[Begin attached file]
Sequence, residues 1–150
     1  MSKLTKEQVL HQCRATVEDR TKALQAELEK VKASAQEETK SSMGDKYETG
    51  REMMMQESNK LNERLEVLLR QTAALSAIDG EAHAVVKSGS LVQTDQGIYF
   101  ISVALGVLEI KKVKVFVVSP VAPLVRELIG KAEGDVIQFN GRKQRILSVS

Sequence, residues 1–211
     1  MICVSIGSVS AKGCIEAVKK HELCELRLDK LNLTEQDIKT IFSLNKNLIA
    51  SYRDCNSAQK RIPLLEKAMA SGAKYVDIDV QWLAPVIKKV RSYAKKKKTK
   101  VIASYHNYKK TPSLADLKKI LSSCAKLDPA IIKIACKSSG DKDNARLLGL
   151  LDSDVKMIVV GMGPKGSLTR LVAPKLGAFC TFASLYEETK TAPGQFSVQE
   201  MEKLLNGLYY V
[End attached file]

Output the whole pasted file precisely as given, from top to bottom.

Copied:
Sequence, residues 1–150
     1  MSKLTKEQVL HQCRATVEDR TKALQAELEK VKASAQEETK SSMGDKYETG
    51  REMMMQESNK LNERLEVLLR QTAALSAIDG EAHAVVKSGS LVQTDQGIYF
   101  ISVALGVLEI KKVKVFVVSP VAPLVRELIG KAEGDVIQFN GRKQRILSVS

Sequence, residues 1–211
     1  MICVSIGSVS AKGCIEAVKK HELCELRLDK LNLTEQDIKT IFSLNKNLIA
    51  SYRDCNSAQK RIPLLEKAMA SGAKYVDIDV QWLAPVIKKV RSYAKKKKTK
   101  VIASYHNYKK TPSLADLKKI LSSCAKLDPA IIKIACKSSG DKDNARLLGL
   151  LDSDVKMIVV GMGPKGSLTR LVAPKLGAFC TFASLYEETK TAPGQFSVQE
   201  MEKLLNGLYY V